When Joshua Stephenson opened the door to his downtown Juneau home Monday morning, the smell of smoke wafted in. Moments later, Stephenson recalled, he and his wife realized the smoke was coming from their own home.
Stephenson and his wife, Giovanna Campagnolo, were able to safely escape their home at 505 N. Franklin Street (at the corner of Fifth and Franklin, next to the Russian Orthodox Church), Stephenson and fire department authorities said at the scene Monday. Their dog Nymeria also escaped unharmed.
Stephenson’s mother — Juneau author and Alaska State Writer Laureate Ernestine Hayes — said at the scene that she is the owner of the house. Hayes said she bought the house about a month ago and was in the process of moving her belongings from her old house to the new one when the fire began.
On the scene, Capital City Fire/Rescue Fire Marshal Dan Jager said it was unclear what the cause of the fire was, but it doesn’t appear to be suspicious. It appeared to start on the third floor, Jager said, and Stephenson said the fire was in the master bedroom on the third level. Stephenson said he believes the house is insured.
After Stephenson and Campagnolo thought they smelled smoke, Stephenson recalled, Campagnolo walked up the stairs where she had been cleaning. Moments later, she came running down the stairs yelling to Stephenson there was a fire upstairs, Stephenson said.
He didn’t remember exactly how their fire extinguisher ended up in his hands, he said, but he did remember the scene in the master bedroom on the third floor.
“There was really thick smoke in there,” Stephenson said at the scene. “I got down real low and was spraying the fire extinguisher over the bed to where the flames were coming from and had to start backing out because the smoke was so heavy, so thick.”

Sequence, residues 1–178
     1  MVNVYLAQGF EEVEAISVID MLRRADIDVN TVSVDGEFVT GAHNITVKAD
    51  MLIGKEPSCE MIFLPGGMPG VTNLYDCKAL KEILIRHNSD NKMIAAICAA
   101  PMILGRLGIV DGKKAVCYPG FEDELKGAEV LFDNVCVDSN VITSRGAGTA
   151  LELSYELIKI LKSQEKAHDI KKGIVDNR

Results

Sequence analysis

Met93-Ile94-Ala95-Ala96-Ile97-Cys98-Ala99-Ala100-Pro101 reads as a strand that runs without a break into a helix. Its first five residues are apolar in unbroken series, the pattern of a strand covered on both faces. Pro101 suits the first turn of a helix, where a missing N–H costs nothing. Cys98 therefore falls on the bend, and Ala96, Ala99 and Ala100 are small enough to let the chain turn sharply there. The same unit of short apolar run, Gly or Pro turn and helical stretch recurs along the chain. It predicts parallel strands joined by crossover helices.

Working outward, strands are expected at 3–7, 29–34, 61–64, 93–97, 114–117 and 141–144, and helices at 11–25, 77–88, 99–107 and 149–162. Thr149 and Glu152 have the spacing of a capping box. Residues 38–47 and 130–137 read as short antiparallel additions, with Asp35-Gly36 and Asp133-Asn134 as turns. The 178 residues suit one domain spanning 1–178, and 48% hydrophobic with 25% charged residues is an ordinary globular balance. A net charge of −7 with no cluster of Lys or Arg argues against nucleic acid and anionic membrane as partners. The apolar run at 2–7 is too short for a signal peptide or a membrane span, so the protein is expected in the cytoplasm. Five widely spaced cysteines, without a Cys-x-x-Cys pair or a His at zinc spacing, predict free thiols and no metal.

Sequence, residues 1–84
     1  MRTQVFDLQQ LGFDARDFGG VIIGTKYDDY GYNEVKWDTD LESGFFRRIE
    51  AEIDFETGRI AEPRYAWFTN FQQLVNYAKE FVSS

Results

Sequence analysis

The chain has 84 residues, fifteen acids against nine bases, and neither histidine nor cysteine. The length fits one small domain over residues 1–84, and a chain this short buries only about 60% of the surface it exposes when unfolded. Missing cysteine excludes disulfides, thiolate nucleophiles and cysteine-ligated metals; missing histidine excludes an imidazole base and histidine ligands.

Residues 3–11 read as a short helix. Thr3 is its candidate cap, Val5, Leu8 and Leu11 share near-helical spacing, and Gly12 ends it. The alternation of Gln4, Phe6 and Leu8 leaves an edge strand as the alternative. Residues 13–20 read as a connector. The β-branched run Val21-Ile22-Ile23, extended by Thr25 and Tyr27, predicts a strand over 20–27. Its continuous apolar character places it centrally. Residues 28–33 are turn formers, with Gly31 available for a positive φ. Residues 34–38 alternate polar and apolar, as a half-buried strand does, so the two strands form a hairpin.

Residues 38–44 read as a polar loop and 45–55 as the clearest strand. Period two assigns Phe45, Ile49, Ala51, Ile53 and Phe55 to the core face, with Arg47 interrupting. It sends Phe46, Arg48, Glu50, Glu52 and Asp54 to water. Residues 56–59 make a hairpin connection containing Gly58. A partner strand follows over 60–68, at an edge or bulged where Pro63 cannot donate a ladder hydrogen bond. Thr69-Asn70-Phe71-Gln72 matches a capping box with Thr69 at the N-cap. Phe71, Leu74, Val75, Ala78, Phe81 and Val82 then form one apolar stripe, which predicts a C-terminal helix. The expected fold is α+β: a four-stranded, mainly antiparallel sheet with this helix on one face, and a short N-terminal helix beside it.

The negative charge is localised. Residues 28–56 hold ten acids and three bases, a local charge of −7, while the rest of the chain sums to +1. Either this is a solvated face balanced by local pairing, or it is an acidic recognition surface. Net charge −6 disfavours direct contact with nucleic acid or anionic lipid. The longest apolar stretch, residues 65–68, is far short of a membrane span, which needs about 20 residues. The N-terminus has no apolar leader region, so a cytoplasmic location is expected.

Nymeria, an American Terrier named after a direwolf from “Game of Thrones,” was upstairs at the time as well, Stephenson said. He said he hurried Nymeria down the stairs and ran outside, yelling for people to call 911.
In a nearby park, Linda Williams was walking her dog when she heard loud popping noises. She said she then heard Stephenson and Campagnolo yelling for help and saw the sky above the purple house filling with smoke.
“You just see the smoke coming out from the top, a lot of smoke,” Williams said. “It started out real heavy and fast.”
Williams then called 911, she said, at 10:36 a.m.
Hayes, who was at her old house organizing her belongings, came to the scene a little while after the fire began. Hayes said she had only moved in the day before, but that Stephenson and Campagnolo have been living there for a few weeks. The two of them, Hayes said, had been doing home improvement projects throughout the house in preparation for Hayes to move in.
She said moving into this home was the beginning of a dream of hers coming true.
“It’s bigger than the house I was in and it’s always been my dream to have a family home,” Hayes said. “I grew up in the Juneau Indian Village, and of course, back in those days people had family homes where there were two or three generations, so that’s always been my dream. When this became possible and we talked about it and decided we could do that here.”
Hayes complimented the response of the firefighters, including one responder who saw blankets and artwork in the house and moved the items to a safer location.
According to the city’s inventory of historic buildings, the building is known as the Devigne-Dapcevich House. It was constructed in 1913 for Dr. Henry C. Devigne, who served as the Commissioner of Health for the territory from 1922-1933, according to the registry.
Monday’s fire was the third major fire in the area since September 2017. On Sept. 17, 2017, two men died in a fire at 526 N. Seward Street. On April 16 of this year, a fire began at Barnaby Brewing on Franklin Street, just three blocks south of where Monday’s fire happened.
Hayes looked over at the Seward Street house, which was still boarded up Monday morning, and said she considered her and her family to be fortunate.
“We look one block away and see how bad things can be,” Hayes said. “We’re grateful and relieved that it was contained and the firefighters and first responders in Juneau did such a wonderful job right away.”
• Contact reporter Alex McCarthy at 523-2271 or email@example.com. Follow him on Twitter at @akmccarthy.